Theoretical Planet Nine, proposed by Caltech's Mike Brown and Konstantin Batygin, is said to have a 15-20 thousand year orbit. Approximately how bright would the sun appear from Planet Nine aphelion and perihelion?


2 Answers 2


Between $1/40,000$ and $1/8,000,000$ of the brightness as seen from Earth, depending on what the actual orbit would turn out to be, and where the planet is in its $15,000$ year orbit period.

Brightness drops as $\dfrac{1}{r^2}$ with distance from the light source. Earth is at $1~\textrm{AU}.$ The theoretical planet is at $200~\textrm{AU}$ when it's closest to the sun, and up to $2800~\textrm{AU}$ at the point furthest from the sun at the upper end of the estimated orbit.

So e.g. $1/200^2 = 1/40,000$ of the brightness (luminance) as seen from Earth.

For how a human would experience it, we can convert to exposure value as used in photography: The difference in exposure value (photographic 'stops') is $\log 2$ of the luminance ratio, so we would have $15$ to $23$ stops less light than on Earth. Sunny noon on Earth is $15~\textrm{EV}.$

So the brightness at noon on the planet surface would be:

  • At $200~\textrm{AU},$ planet orbit is closest to the sun: About $0~\textrm{EV},$ roughly the same as a dimly lit interior

  • $400~\textrm{AU},$ lower bound on semi-major axis: $-2 ~\textrm{EV},$ similar to a landscape lit by the full moon

  • $1500~\textrm{AU},$ upper bound on semi-major axis: $-6~\textrm{EV},$ similar to landscape lit by a quarter moon

  • $2800~\textrm{AU},$ upper bound on aphelion (the point on orbit most distant from the sun): $-8~\textrm{EV}.$ This would be dark, but you would probably still see enough to avoid running into things.

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    $\begingroup$ One other important brightness milestone is 700AU. That's when the sun would appear as faint as the full moon. With dark adapted eyes it's still barely possible to see colors under the full moon, although they appear very washed out. $\endgroup$ Commented Jan 21, 2016 at 13:50
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    $\begingroup$ Thinking a little more, At its brightest Venus is 1 billion times dimmer than the Sun. In really dark locations it's apparently bright enough to cast a shadow; so you'd definitely be able to see something at 2800 AU. $\endgroup$ Commented Jan 21, 2016 at 13:56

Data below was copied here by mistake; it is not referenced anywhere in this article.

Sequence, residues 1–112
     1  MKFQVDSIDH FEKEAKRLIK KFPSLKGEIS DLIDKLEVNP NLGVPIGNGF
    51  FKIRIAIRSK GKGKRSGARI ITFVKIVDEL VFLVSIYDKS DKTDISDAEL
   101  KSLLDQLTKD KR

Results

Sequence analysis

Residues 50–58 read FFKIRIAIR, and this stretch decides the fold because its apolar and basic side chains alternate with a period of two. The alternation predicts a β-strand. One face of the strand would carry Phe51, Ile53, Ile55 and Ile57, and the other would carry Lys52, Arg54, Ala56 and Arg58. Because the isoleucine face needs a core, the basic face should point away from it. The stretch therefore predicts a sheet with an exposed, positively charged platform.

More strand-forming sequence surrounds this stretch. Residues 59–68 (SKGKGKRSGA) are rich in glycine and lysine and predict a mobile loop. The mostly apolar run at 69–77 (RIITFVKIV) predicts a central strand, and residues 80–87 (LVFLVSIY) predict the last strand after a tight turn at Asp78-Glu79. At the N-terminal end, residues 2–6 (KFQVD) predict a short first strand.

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    $\begingroup$ @DanNeely Yes, at 2800 AU with dark adapted eyes, you should be able to see just fine for navigation purposes. But no colors, and no reading. Already at 200 AU we're into mesopic vision with reduced color perception. A bit beyond 2000 AU we should be purely monochromatic. (Barring mistakes in my calculations.) $\endgroup$ Commented Jan 21, 2016 at 14:25
  • $\begingroup$ @DanNeely ~ 700 AU is also the milestone where a significant number of the brightest stars would become visible to the naked eye during "day light" if you were to stand on the surface of Planet 9 or another body with a clear atmosphere. $\endgroup$
    – RobertF
    Commented Apr 27, 2017 at 14:58

If it exists, then the orbit has a perihelion of maybe 300 au and an aphelion of perhaps 2700 au.

You can then just scale from the brightness $m=-26.7$ of the Sun at the Earth. It would be between 12.4 and 17.1 magnitudes fainter. So still much brighter than the next brightest star in the sky.

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    $\begingroup$ +1 because I think it's more useful to compare the brightness to distant stars as seen from Earth. I see that this would make the Sun still much brighter than Venus appears on Earth ($M\approx-4.6$, according to Wikipedia). $\endgroup$
    – Warrick
    Commented Jan 21, 2016 at 12:49

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